Are We at Disneyland Yet?

By Elizabeth McNamara

“I don’t want the public to see the world they live in while they’re in the Park. I want them to feel they’re in another world.”                                                                       -Walt Disney

Since 1955, Disneyland has been a huge attraction in Southern California. Walt Disney’s, an American animator and film studio founder, dream came to reality when he found the perfect space where dreams could come true. According to, originally Walt Disney bought 160 acres for Disneyland, which has grown into 300 acres in Anaheim, California and 30,000 in Orlando, Florida.

Disneyland has things for both children and parents to enjoy. Walt Disney said that he wanted the public to forget about the world they lived in and he wanted to have a place where parents and children of all ages could enjoy. At first, Walt Disney did not think it would survive after the rough start it had in 1955.

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Early Disneyland from the air
Photo from Creative Commons

Just Disney writes, “A 15 day heat wave raised temperatures up to 110 degrees Fahrenheit. Also, due to a plumbers strike, few water fountains were operating in the hot weather.” The asphalt was reported as steaming the next morning, because it had been laid the night before, which made it to literality trap high-heeled shoes. “After opening day, the heat wave continued, and almost wiped out the park,” Just Disney writes.

Although Disneyland had a rough opening day, the park, with a $1 entrance fee, did eventually pick up. By 1965, 50 Million visitors had come through the gates of the park. Walt Disney was already well known before building Disneyland, which helped the park become popular quickly.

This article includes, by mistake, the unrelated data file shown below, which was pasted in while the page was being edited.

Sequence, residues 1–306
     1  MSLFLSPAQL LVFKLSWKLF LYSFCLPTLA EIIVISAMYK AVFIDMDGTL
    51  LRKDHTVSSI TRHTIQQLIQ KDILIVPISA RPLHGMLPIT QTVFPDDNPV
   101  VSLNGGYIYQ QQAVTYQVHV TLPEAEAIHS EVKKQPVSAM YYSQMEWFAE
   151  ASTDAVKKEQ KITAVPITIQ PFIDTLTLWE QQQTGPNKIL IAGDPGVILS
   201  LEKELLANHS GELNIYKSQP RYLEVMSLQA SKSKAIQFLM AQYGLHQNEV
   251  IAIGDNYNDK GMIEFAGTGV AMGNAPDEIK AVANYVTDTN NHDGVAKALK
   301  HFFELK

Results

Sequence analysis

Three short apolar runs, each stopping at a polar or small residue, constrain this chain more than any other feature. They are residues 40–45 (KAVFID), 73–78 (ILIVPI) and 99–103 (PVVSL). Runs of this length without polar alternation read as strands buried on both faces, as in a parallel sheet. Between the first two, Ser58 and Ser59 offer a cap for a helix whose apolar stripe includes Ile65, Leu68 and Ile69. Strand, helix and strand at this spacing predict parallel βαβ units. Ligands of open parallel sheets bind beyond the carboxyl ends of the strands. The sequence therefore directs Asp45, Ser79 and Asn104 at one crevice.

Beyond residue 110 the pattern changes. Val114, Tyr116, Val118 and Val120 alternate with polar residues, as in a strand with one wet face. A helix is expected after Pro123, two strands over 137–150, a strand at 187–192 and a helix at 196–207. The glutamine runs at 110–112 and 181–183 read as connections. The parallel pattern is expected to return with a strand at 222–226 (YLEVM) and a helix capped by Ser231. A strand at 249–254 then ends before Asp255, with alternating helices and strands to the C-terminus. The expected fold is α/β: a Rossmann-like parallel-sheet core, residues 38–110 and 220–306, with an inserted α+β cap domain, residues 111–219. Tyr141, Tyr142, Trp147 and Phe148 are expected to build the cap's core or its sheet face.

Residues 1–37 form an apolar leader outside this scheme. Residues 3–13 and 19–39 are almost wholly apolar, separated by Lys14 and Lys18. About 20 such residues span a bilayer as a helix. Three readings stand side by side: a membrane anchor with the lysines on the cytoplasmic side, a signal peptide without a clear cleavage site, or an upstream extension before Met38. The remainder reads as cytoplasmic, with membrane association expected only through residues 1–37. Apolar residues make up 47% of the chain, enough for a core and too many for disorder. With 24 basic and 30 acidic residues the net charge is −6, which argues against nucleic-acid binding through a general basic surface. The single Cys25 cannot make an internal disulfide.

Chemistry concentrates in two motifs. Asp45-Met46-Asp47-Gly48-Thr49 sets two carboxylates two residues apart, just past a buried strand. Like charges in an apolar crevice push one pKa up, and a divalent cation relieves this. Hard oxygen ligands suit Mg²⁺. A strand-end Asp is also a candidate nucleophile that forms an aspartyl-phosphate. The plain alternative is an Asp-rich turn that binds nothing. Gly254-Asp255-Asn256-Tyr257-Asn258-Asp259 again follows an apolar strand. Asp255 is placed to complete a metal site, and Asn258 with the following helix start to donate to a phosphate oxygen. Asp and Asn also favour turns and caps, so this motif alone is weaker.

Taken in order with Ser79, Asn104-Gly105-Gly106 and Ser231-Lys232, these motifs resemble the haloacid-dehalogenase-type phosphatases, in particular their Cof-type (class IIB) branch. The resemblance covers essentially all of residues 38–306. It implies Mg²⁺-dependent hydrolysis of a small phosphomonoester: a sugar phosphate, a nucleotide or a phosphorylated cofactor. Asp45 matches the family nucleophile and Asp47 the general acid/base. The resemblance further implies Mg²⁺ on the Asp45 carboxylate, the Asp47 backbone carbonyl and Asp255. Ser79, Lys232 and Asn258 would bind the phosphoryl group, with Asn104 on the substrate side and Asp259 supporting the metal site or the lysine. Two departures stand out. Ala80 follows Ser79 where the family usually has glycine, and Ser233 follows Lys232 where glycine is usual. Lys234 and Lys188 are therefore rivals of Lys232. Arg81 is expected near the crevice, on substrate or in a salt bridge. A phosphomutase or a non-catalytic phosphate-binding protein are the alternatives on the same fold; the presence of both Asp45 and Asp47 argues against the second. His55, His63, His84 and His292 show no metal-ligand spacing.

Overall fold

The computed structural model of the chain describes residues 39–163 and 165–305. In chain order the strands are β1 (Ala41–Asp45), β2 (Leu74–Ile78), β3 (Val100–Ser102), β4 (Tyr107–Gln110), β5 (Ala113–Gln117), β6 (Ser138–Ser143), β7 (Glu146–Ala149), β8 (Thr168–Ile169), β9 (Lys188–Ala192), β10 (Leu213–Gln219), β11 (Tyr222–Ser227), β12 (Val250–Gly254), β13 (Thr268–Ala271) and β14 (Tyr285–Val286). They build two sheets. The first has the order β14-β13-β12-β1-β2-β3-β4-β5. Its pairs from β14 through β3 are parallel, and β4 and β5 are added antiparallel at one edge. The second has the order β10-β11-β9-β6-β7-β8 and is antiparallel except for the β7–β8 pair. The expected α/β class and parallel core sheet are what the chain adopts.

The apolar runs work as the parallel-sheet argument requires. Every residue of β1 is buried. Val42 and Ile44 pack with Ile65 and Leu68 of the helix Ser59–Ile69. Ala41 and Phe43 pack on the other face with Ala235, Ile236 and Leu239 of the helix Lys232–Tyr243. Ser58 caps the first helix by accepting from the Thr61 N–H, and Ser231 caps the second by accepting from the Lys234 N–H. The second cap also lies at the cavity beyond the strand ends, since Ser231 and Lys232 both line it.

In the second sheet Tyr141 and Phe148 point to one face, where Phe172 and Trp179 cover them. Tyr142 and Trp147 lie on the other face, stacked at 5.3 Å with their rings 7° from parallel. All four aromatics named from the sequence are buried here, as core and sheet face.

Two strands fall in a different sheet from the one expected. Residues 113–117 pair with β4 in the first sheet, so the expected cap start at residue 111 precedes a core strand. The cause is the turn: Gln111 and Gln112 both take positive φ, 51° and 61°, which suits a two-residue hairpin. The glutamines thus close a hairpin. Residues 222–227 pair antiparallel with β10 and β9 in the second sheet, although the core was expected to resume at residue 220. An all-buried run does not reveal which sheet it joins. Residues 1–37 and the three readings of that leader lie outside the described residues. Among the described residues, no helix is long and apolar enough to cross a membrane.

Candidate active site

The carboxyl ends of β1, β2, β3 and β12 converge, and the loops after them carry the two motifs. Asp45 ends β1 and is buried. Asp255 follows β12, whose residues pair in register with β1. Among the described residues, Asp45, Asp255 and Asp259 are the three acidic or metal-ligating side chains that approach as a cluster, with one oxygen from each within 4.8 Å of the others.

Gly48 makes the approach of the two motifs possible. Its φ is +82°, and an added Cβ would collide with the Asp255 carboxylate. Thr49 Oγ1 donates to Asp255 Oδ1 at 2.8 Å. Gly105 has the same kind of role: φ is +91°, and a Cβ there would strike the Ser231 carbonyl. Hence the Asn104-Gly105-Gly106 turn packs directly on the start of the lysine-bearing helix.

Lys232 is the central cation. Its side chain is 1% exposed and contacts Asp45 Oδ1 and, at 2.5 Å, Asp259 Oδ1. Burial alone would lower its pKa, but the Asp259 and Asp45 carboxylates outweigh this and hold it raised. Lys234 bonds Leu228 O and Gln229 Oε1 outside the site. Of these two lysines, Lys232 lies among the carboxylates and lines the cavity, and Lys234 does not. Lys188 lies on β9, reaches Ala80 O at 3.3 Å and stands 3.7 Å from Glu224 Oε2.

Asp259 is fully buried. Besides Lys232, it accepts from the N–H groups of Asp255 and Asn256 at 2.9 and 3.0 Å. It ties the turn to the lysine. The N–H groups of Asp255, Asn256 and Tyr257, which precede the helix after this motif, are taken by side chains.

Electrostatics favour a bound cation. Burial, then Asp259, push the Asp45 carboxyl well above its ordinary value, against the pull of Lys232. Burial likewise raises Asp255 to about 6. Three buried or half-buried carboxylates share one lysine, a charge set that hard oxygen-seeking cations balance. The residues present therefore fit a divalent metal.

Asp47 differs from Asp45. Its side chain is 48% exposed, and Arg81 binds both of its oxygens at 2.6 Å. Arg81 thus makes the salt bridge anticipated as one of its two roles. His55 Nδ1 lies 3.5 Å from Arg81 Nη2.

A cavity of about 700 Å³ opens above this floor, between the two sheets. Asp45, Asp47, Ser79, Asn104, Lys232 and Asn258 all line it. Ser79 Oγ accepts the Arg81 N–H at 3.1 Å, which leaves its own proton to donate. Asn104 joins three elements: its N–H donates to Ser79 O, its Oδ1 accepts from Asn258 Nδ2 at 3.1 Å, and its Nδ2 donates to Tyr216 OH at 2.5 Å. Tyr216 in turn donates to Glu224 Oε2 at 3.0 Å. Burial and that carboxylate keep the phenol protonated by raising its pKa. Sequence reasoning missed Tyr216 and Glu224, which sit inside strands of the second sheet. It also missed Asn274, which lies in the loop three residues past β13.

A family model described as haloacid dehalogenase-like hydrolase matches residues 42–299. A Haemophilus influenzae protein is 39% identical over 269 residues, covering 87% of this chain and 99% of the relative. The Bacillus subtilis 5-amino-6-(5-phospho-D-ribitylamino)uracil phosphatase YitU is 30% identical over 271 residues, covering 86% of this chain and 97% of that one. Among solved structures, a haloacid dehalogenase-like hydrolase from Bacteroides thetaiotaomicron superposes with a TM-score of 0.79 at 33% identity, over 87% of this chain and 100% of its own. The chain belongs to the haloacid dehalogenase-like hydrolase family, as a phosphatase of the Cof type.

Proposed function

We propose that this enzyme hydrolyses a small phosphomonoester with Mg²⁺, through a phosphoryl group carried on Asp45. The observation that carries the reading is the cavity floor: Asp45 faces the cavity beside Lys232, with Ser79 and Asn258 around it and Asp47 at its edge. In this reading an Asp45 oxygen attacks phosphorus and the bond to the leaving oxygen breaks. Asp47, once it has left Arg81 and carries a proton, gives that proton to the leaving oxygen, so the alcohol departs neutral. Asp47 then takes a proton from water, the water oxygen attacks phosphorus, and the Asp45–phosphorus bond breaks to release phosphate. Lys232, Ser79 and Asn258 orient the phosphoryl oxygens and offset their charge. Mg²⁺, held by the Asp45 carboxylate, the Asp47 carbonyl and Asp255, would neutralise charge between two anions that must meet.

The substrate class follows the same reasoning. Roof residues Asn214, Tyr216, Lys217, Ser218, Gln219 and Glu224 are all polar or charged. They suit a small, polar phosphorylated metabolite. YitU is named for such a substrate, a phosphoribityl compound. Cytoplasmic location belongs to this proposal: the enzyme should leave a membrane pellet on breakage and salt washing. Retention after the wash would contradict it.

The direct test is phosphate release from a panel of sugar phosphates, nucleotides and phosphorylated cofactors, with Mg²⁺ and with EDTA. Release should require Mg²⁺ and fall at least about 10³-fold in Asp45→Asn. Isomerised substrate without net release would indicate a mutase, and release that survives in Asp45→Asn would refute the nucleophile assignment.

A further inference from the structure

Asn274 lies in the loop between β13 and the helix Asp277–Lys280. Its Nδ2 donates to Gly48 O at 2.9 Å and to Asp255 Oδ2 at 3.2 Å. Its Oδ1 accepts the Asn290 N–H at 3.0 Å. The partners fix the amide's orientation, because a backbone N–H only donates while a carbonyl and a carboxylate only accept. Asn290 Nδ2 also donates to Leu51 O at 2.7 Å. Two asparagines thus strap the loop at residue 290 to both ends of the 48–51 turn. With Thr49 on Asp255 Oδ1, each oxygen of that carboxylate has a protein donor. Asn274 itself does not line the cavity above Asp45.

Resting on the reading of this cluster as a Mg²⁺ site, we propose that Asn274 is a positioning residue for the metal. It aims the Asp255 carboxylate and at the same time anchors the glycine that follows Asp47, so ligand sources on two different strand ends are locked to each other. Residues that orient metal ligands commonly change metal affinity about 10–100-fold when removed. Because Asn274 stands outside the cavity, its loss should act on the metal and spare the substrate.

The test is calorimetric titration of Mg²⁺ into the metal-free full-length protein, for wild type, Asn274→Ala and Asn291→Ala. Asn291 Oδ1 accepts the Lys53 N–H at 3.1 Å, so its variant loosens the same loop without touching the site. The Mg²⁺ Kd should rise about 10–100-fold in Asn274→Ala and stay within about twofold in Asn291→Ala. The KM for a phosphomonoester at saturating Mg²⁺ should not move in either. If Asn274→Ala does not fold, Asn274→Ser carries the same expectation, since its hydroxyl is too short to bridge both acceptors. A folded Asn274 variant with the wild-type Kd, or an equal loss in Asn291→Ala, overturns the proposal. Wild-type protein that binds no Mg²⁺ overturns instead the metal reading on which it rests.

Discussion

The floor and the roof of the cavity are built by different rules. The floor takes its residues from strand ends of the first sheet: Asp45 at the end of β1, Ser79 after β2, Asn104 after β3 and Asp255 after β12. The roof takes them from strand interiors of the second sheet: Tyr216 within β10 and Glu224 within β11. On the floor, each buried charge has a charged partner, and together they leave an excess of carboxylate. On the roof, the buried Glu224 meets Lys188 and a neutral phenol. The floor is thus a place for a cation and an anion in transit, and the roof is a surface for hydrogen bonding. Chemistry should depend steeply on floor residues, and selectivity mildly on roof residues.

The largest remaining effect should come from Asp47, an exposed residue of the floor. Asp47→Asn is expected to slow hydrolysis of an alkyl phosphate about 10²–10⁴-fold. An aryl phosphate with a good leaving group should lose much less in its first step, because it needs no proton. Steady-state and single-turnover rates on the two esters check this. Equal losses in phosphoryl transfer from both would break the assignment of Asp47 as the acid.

Walt Disney in Disneyland
Photo credit:

Joel, a writer at addicted2success, writes, “After finishing his legendary film “Snow White and the Seven Dwarves”, Disney immediately went to work on other feature films such as “Bambi”, “Fantasia” and many others.” Disney was a hard worker and it showed through his animations. His name, the studio and Disneyland grew together to become a household name worldwide. People all across the world visit Disneyland and people even try to save up to go.

Some people within Eugene, Oregon show more interest to Disneyland as the ultimate getaway. Mahlia Monroe, a student at Lane Community College, has only visited Disneyland once. She says that she wishes she was able to go more, but it is hard living so far away. She thinks it is one of the few places that hold a lot of magic and she loves how everyone is always smiling. “I’ve only been once and it was at the age of 10. I most definitely plan on going again,” Monroe says.

Monroe says that it is a big deal for people to go to Disneyland that do not live near it. “It’s inconvenient because flights are expensive and gas is even worse, but it’s totally worth it,” Monroe says.

Monroe thinks that people outside of California have to work through the expenses that is takes to visit Disneyland. “Disneyland makes me feel happy, excited, overwhelmed at times, but full of enjoyment and also blessed because not everyone gets to experience something so magical,” Monroe says.

Writer Modishmorgan from, a personal and fashion blog, says that as an adult she still loves Disneyland. She says that most of her childhood vacations were spent there, which is why she adores the parks so much. “Going on certain rides isn’t only fun because I like the rides, but also because I have childhood memories of them,” Modishmorgan writes.

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Disneyland’s Sleeping Beauty Castle
Photo from Creative Commons